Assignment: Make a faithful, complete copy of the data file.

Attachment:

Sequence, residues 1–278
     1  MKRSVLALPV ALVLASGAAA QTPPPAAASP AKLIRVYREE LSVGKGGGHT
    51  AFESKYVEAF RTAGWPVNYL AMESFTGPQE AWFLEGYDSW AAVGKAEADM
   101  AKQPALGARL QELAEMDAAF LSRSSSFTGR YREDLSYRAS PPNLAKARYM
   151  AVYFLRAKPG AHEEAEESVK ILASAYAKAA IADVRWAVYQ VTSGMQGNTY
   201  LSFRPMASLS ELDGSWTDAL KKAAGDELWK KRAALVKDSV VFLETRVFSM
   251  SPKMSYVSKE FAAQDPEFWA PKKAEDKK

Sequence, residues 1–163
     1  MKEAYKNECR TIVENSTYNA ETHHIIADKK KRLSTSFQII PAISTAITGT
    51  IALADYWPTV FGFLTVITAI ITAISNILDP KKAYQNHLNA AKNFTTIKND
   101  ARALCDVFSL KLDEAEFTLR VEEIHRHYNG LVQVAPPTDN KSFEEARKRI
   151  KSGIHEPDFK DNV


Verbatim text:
Sequence, residues 1–278
     1  MKRSVLALPV ALVLASGAAA QTPPPAAASP AKLIRVYREE LSVGKGGGHT
    51  AFESKYVEAF RTAGWPVNYL AMESFTGPQE AWFLEGYDSW AAVGKAEADM
   101  AKQPALGARL QELAEMDAAF LSRSSSFTGR YREDLSYRAS PPNLAKARYM
   151  AVYFLRAKPG AHEEAEESVK ILASAYAKAA IADVRWAVYQ VTSGMQGNTY
   201  LSFRPMASLS ELDGSWTDAL KKAAGDELWK KRAALVKDSV VFLETRVFSM
   251  SPKMSYVSKE FAAQDPEFWA PKKAEDKK

Sequence, residues 1–163
     1  MKEAYKNECR TIVENSTYNA ETHHIIADKK KRLSTSFQII PAISTAITGT
    51  IALADYWPTV FGFLTVITAI ITAISNILDP KKAYQNHLNA AKNFTTIKND
   101  ARALCDVFSL KLDEAEFTLR VEEIHRHYNG LVQVAPPTDN KSFEEARKRI
   151  KSGIHEPDFK DNV